Nel's New Day

July 4, 2013

Celebrate Beauty on July 4

In early May, my photographer Ann Hubard traveled from Portland to Utah with her partner, taking more than 2,000 photographs along their trip which also dipped down into Arizona. These photographs show how remarkable that part of our country is, thanks to presidents who go back to Theodore Roosevelt who set up the national park system.

[Disclaimer: some people have said that her photographs that I post cannot be viewed. If not, I’m very sorry because they are truly magnificent!]


These petroglyphs carved into Newspaper Rock in Utah were done hundreds and hundreds of years ago by Anasazi, or Puebloans as they are now called, and later relatives.  They differ from pictographs which are drawn. This photo was taken on a back road into the Needles Section of Canyonlands National Park that also has other amazing scenes such as  chocolate cliffs.

SW16Canyon de Chelly National Monument was established over 80 years go within the Navajo Reservation in northeastern Arizona. It is the only national park service land that is managed by a Native American Tribe. My favorite part of this is the white horse that shows how truly high the cliffs are. Photographer Ansel Adams took many famous pictures in this area.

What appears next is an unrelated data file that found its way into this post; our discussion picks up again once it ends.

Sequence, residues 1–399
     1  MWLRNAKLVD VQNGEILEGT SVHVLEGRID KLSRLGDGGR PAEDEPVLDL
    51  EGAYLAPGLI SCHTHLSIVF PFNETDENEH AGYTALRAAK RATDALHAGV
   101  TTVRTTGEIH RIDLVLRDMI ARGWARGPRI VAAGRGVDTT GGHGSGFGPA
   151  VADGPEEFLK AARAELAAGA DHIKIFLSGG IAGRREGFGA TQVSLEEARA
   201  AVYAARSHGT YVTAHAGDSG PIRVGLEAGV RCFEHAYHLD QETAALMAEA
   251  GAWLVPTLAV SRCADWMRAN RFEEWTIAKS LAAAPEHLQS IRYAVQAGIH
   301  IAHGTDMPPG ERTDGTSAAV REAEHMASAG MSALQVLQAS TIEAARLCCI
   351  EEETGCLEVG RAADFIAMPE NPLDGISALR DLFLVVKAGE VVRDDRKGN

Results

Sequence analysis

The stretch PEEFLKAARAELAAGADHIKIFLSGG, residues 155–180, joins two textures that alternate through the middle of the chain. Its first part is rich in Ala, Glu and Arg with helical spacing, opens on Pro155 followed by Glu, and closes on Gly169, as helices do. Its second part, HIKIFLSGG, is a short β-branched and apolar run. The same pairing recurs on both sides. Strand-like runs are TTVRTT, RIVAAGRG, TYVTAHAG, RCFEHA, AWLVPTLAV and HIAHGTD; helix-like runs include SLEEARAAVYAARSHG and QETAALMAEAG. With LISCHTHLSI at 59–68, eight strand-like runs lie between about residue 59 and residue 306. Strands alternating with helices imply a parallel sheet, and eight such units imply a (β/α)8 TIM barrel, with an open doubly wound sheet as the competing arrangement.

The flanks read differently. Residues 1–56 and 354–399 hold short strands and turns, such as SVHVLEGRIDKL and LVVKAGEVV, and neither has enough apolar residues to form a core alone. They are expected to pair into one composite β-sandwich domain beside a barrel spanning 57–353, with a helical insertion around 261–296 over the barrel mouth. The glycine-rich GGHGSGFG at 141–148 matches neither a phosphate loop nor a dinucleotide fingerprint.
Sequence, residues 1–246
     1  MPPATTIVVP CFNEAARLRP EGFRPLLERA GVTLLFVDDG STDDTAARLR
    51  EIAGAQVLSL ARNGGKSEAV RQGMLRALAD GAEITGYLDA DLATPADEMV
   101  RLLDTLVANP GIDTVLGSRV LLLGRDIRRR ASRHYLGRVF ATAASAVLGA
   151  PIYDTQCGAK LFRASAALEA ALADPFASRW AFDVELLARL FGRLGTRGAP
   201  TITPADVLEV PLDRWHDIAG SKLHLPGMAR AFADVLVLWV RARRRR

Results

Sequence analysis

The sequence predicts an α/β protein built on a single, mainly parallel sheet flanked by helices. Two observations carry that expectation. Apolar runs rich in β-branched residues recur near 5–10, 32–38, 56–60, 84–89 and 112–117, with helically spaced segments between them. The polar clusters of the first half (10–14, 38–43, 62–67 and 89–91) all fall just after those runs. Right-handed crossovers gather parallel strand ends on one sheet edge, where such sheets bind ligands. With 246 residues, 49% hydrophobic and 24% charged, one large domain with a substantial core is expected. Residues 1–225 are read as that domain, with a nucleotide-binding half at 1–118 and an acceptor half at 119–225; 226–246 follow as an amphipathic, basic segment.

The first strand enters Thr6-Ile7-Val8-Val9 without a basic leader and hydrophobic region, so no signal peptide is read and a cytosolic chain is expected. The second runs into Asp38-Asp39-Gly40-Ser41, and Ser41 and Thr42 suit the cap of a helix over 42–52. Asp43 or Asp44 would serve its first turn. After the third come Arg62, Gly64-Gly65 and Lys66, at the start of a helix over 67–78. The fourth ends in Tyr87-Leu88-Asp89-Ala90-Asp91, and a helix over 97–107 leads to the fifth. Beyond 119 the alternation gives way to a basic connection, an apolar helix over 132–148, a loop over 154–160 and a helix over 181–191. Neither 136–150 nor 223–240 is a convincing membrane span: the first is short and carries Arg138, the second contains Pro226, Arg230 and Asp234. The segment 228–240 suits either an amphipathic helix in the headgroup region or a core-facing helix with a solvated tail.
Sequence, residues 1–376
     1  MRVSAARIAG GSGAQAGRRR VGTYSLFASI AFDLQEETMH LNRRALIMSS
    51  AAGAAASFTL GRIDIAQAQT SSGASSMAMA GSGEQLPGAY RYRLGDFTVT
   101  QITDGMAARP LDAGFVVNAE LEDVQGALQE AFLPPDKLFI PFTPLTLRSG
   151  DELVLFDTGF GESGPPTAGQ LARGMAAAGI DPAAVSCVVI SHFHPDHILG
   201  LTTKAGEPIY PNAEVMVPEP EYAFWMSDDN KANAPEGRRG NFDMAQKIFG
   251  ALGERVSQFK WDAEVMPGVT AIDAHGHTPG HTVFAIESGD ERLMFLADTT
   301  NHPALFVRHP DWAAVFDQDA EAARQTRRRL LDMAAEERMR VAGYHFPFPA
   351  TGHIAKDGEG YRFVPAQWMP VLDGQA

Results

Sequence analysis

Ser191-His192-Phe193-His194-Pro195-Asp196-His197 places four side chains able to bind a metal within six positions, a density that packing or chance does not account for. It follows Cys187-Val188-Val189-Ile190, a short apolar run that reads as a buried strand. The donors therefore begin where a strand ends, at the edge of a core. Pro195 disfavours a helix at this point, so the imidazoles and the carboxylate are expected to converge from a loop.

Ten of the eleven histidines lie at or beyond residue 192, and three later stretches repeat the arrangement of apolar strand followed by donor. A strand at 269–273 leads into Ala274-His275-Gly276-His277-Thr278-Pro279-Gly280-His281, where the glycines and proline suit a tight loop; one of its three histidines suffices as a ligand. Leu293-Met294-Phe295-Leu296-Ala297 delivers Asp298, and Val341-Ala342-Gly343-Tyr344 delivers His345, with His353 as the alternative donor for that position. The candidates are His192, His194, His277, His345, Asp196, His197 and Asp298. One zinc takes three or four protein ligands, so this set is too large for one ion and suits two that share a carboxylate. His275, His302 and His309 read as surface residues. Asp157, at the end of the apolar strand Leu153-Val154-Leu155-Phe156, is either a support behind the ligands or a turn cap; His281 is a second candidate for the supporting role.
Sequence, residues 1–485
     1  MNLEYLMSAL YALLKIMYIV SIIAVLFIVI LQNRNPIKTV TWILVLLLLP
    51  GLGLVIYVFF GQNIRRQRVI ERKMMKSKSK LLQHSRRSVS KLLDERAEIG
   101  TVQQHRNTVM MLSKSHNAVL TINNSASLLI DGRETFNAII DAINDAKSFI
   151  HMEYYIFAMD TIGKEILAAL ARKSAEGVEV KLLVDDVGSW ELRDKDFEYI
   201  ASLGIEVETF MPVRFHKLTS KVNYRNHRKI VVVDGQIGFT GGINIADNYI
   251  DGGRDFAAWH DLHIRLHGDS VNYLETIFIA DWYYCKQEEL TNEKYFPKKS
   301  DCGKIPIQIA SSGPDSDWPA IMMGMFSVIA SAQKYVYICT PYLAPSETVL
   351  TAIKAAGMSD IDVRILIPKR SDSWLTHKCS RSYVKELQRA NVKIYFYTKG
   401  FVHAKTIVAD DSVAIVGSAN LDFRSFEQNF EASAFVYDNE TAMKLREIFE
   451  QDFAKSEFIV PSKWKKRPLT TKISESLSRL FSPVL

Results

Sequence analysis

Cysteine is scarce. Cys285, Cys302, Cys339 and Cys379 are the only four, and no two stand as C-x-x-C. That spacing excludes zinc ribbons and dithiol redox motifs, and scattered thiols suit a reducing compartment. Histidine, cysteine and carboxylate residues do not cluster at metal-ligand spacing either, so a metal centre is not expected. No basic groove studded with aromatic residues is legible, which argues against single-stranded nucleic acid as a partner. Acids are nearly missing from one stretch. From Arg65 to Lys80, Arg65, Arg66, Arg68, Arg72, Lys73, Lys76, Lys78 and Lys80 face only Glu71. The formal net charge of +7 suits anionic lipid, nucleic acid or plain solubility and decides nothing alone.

SW17Ann said that their Navajo guide called these cow pie formations. But everyone could probably recognize that!

One of the many cliff dwellings, in Canyon de Chelly, the one below is called the White House Ruin because of the white on the ceiling. Only one trail is available to access this ancient dwelling without a Navajo Guide. The trail down to the ruin at the bottom descends 700 feet from the rim, but the necessary switchbacks make the trip about miles for the round trip. People can also go there with a guide in an all terrain vehicle.

SW21Spider Rock in Canyon de Chelly is a famous source of photography, particularly beautiful at sunset especially with the thunderstorm brewing in the background.  According to Navajo legend, Spider Woman lives on the top of  the 800-foot-tall Spider Rock after she saved the Navajo people.

Bryce Canyon (below) is unique in the number of these hoodoos, fantastically-shaped pillars of rock created by water erosion. The names comes from the hoodoo definition of casting a spell. Paiutes explained the colorful hoodoos as “Legend People” who were turned to stone by Coyote. The first photo is at sunrise–to quote the photographer, “freezing ass cold but so beautiful.” She added, “Only me and the hoodoos this morning.” Fairyland Canyon, one mile north of the National Park entrance station, allows visitors an “eye-to-eye” view of hoodoos.

The Ruby Mountains, just east of Elko (NV), provide a wonderful shot with the snowcapped mountains and the crazy lenticular clouds.


Please think of these beautiful places on the day that we celebrate our independence and support ways to save them.


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